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Some SFUO businesses’ earnings lower than expected

Andrew Ikeman | Fulcrum Staff

Illustration by Mathias MacPhee

The Board of Administration (BOA) held its second meeting of the 2012–13 school year, during which the budget for the Student Federation of the University of Ottawa (SFUO) was revealed and subsequently passed.

The SFUO-run businesses (1848, Agora Bookstore, Café Alternatif, and Pivik) reported earnings from 2011-12 were approximately $52,000 dollars below what was projected in the previous year’s budget. SFUO VP Finance Adam Gilani attributed this discrepancy to two separate issues: the Agora following a province-wide trend in the publishing business, and 1848 needing new equipment.

Gilani cited a report given to him by the manager of the Agora that detailed the decline in revenue for all bookstores across Ontario during the winter months, and asserted that the student-run Agora bookstore was not immune to this trend. In the case of 1848, the need for new equipment created a worse-than-expected deficit.

“The reason for [the higher deficit] is that there was an investment last year in a new oven,” said Gilani. “1848, because of where it is located, is not allowed to have any gas connections … so [that] really limits the bar to have a functioning kitchen. ”

Gilani also said that along with the electric ovens, the purchase of new dishwashers and refrigerators contributed to the campus bar falling further in the red.

On a positive note, Pivik nearly doubled their estimated earnings. Part of their success can be attributed to the fact that Pivik is now accepting students’ meal plan and flex dollars as payment for many items sold.

“There are a few fridges [in Pivik] that actually count [toward] the meal plan,” said Gilani. “So there was a huge amount of new revenue coming from [students on the meal plan].”

The 2012–13 budget projects that all SFUO-run businesses will make a combined total of $290,284, an increase from the previous year’s earnings.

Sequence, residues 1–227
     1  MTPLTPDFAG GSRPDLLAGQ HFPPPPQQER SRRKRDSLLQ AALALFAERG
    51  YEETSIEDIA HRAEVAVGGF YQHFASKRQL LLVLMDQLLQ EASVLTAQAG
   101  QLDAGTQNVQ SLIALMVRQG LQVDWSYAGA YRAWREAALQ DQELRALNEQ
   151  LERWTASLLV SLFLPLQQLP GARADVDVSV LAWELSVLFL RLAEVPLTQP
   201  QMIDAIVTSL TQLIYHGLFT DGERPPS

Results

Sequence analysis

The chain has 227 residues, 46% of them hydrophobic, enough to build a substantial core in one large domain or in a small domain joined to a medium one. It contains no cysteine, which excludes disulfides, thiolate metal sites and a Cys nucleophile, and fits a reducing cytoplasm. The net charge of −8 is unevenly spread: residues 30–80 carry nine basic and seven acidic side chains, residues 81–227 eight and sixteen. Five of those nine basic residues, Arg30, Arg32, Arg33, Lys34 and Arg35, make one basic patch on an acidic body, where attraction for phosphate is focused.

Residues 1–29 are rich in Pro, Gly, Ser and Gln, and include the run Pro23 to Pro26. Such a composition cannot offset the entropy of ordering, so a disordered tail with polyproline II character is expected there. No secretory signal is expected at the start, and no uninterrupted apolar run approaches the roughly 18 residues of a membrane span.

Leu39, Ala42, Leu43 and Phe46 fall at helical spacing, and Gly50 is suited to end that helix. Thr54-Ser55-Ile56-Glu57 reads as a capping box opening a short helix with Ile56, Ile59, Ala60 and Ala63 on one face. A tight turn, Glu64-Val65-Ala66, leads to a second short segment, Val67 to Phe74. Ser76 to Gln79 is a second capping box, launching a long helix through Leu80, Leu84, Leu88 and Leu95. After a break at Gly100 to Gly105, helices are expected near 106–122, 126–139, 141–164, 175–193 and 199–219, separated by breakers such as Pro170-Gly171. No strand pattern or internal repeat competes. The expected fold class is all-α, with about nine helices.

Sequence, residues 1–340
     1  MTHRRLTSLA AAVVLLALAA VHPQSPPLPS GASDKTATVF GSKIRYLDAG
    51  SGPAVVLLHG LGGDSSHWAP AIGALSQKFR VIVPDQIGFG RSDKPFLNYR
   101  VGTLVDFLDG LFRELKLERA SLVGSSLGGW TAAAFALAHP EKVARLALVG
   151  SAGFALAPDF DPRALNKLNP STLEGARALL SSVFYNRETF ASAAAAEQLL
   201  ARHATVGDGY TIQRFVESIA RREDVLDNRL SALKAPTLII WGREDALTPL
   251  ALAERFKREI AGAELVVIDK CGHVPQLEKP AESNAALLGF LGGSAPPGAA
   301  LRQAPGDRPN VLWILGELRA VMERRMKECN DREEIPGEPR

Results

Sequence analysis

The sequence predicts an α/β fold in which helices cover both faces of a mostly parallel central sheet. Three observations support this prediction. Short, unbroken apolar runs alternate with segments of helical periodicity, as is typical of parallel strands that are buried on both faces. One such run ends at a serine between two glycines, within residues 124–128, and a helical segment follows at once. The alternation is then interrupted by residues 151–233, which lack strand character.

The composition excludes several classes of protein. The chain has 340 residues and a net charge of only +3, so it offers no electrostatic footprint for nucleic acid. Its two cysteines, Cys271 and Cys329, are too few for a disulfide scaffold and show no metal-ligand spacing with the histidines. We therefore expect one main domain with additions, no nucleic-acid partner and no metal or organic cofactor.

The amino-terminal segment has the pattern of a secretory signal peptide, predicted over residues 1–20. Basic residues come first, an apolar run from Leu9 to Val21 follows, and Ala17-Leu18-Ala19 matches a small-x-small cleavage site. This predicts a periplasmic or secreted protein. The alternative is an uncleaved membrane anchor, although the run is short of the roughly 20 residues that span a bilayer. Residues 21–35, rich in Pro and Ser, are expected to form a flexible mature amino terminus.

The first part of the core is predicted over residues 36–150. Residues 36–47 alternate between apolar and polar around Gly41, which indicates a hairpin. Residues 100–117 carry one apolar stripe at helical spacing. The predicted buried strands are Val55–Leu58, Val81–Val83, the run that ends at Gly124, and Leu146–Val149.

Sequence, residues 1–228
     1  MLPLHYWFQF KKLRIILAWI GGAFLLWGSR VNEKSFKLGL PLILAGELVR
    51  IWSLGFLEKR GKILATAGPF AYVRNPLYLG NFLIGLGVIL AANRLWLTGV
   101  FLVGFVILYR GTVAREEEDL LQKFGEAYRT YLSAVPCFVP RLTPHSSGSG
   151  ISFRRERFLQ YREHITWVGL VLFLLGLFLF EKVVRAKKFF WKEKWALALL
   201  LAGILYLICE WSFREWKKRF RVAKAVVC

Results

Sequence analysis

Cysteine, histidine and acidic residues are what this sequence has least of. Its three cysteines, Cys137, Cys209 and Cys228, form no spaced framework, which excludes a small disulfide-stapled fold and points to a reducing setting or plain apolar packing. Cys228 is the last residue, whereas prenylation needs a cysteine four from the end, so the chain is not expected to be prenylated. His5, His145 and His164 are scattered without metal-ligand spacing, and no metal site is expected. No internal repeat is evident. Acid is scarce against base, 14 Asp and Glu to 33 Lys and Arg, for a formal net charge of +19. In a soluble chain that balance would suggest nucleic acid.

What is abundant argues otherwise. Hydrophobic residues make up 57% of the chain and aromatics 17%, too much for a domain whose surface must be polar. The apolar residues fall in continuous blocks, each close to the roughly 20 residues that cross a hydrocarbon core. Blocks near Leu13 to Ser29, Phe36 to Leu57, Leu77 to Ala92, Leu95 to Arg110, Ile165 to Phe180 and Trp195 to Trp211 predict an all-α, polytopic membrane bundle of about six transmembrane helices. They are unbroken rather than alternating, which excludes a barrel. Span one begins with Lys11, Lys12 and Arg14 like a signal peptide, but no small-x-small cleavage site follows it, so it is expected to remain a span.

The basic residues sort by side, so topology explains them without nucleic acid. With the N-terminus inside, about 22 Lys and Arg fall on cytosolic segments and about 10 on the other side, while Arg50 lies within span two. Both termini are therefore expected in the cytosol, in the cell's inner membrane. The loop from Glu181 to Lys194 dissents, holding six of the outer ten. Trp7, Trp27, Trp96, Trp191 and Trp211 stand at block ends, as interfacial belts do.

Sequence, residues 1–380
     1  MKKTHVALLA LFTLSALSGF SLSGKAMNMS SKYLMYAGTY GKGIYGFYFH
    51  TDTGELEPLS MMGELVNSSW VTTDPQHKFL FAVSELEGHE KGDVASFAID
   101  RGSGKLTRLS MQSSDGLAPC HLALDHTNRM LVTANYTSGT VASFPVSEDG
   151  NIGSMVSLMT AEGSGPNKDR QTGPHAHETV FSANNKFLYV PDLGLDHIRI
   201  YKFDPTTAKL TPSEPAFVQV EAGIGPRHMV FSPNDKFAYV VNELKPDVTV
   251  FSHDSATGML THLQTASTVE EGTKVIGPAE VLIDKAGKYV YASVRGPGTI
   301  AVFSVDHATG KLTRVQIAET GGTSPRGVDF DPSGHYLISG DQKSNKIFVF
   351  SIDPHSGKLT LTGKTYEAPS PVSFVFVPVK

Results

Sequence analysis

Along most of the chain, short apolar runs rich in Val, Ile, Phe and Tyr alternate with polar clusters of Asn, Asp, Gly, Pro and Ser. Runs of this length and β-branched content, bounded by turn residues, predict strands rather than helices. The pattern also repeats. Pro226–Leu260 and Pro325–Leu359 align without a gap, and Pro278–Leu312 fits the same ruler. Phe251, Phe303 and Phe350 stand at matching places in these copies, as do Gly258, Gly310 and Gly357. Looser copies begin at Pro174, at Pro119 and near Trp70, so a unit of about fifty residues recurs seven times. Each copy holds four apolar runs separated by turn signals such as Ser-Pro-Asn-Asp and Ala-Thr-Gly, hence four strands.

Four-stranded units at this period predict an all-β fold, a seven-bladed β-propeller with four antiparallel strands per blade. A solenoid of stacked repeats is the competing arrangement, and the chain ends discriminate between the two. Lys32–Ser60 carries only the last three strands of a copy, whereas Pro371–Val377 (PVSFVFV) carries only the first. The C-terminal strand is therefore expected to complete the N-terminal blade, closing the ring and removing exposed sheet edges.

The revenue generated from last year’s student health plan came in lower than expected, as more students than anticipated dropped out of the SFUO health coverage in favour of other options.

“It was budgeted that there would be more people taking the health plan up, and less opt-outs,” said Gilani. “There were a lot more opt-outs last year, from students who have other health plans.”

The SFUO will work within a budget of approximately $3.3 million—which goes toward all facets of the SFUO, including levies for different organizations on campus, general administration costs, clubs, and philanthropic activities.

After the passing of the budget, the BOA debated and passed an amendment to the employment equity policy. The policy amendment, which was brought forward by Gilani, aims to facilitate better hiring practices in regards to previously marginalized individuals. The policy amendment also removed two other entries from the SFUO policy manual—numbers 17 and 24.

“[Policy] 17 is the original policy, entitled employment equity, which is incomplete,” said Gilani. “It is not very useful in achieving the ends that are required by this policy.”

Before the vote was taken and the motion passed, Gilani went on to say that the two policies should be ammended.